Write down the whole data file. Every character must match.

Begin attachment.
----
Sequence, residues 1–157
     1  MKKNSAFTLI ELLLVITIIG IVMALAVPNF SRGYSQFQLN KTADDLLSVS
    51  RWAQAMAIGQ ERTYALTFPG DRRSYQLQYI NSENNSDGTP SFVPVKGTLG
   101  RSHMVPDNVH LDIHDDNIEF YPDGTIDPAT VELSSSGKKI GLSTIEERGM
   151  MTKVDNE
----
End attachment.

Sequence, residues 1–157
     1  MKKNSAFTLI ELLLVITIIG IVMALAVPNF SRGYSQFQLN KTADDLLSVS
    51  RWAQAMAIGQ ERTYALTFPG DRRSYQLQYI NSENNSDGTP SFVPVKGTLG
   101  RSHMVPDNVH LDIHDDNIEF YPDGTIDPAT VELSSSGKKI GLSTIEERGM
   151  MTKVDNE